The Thomsons - parents Thomas and Francie, and children Willa, Arthur, Beatrice (nicknamed Booky) and Jakey - are a loving working class family living in Depression era Toronto. In the lead up to Christmas, Thomas loses his job as a harness maker for the Eaton's company as the company is moving into the motorized age in an effort to keep up with the times; Eaton's is facing as challenging a time as any business during the Depression. Thomas' job prospects in this changing time are not good. Ironically, Eaton's has a Christmas Fund where each child in the city whose father is not working is eligible for a Christmas gift from the company. Because of the Thomson's new situation, Booky risks losing her best friend Laura Westover, whose snobbish and social climbing mother wants her daughter to associate with a higher class of friend. By happenstance, Booky befriends Mr. Eaton, the owner of the Eaton company. Because of circumstances, Booky, who knows Mr. Eaton was the Eaton's Christmas ... Written by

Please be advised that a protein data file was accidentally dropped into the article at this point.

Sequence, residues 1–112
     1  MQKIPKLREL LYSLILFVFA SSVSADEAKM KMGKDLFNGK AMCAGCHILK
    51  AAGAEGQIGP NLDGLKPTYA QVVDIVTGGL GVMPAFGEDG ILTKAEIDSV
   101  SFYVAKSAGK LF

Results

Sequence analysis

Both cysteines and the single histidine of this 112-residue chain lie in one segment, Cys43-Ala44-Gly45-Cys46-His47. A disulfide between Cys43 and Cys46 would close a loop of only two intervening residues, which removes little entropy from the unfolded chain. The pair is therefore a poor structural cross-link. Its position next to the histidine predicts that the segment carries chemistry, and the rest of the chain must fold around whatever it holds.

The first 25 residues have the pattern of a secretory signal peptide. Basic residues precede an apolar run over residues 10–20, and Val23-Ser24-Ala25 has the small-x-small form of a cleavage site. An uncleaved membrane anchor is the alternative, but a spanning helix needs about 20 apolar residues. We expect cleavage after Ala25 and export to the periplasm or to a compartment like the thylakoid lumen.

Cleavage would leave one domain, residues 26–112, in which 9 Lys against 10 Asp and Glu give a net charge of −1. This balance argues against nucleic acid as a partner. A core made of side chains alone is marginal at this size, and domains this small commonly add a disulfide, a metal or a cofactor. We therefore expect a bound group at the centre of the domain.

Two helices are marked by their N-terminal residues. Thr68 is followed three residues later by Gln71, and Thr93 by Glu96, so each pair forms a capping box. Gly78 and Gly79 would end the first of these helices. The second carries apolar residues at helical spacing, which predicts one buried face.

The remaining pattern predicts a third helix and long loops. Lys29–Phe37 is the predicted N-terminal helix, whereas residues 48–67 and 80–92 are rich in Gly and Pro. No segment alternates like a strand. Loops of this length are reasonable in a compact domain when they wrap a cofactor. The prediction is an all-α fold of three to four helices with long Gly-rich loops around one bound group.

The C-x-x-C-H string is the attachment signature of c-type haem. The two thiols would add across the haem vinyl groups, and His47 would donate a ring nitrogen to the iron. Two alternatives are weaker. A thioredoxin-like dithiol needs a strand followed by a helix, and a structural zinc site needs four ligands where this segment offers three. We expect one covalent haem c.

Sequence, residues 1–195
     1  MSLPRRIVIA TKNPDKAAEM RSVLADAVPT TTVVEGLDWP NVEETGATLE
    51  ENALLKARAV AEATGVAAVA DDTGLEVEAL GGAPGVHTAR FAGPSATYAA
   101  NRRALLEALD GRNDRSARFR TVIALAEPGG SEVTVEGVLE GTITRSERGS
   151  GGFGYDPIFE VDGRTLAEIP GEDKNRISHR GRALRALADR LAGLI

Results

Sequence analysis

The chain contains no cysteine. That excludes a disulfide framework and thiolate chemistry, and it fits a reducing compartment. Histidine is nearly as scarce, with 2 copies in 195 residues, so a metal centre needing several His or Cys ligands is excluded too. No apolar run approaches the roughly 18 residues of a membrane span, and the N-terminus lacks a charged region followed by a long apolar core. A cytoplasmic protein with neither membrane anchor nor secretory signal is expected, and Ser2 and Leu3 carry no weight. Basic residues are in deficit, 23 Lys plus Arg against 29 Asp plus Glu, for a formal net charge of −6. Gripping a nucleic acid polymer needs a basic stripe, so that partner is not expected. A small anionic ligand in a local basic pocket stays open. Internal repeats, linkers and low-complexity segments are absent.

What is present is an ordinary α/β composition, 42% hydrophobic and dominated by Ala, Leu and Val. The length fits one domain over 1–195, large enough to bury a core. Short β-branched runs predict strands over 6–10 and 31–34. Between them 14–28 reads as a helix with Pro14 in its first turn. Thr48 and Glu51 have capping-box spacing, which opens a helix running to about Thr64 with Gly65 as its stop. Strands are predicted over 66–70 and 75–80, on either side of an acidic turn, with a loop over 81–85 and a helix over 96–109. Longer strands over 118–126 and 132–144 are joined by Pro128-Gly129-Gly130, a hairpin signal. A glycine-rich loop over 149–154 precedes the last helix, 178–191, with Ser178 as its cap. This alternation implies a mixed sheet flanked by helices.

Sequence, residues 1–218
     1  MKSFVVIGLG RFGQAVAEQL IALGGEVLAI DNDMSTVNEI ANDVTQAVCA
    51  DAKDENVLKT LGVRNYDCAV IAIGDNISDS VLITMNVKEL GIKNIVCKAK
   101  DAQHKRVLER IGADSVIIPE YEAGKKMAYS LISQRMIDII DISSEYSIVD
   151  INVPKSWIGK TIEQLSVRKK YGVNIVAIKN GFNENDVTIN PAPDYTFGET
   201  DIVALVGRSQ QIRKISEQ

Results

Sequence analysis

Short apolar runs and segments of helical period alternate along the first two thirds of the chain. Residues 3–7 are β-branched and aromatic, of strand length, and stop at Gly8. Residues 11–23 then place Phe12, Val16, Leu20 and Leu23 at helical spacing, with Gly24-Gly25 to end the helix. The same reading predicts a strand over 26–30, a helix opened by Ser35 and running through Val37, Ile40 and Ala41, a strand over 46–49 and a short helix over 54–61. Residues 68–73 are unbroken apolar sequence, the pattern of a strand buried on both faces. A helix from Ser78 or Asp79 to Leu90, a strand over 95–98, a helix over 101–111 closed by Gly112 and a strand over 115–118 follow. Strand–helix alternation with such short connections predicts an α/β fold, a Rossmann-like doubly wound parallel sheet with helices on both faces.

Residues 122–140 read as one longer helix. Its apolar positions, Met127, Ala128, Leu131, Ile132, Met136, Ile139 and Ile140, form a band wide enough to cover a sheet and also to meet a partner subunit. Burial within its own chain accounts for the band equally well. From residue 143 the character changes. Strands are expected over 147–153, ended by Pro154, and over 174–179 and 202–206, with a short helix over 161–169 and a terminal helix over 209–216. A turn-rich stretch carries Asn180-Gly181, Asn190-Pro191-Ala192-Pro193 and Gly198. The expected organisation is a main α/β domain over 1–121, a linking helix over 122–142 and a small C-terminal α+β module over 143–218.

In a scene between Booky and Mr. Eaton where they are sitting on a bench outside the Nut Shoppe, the scene cuts between shots of Booky face on and Mr. Eaton face on where the back of Booky's head is seen. From the front, Booky's toque is not covering her right ear. From the back, Booky's toque partially covers her right ear. See more »
What a sweet period piece this is. Perfect for Christmas and thoroughly feel-good all around, even though it is chockablock with impossible events. It is almost a fairy tale, but that doesn't matter, it's the feeling we get from it that counts. I hope that people everywhere could see this, not just Canadians, but certainly this film would be of particular interest to people in Toronto.
The character Booky is the sweetest child imaginable, what great casting. Set design seems authentic, for as much as I know about the 1930s. This movie is at least as much about the late, lamented T. Eaton Co. as it is about a girl trying to save her family from poverty, unemployment, and the prospect of no Christmas! I think that Canadians may have a few poignant memories of Eaton's thanks to this movie.
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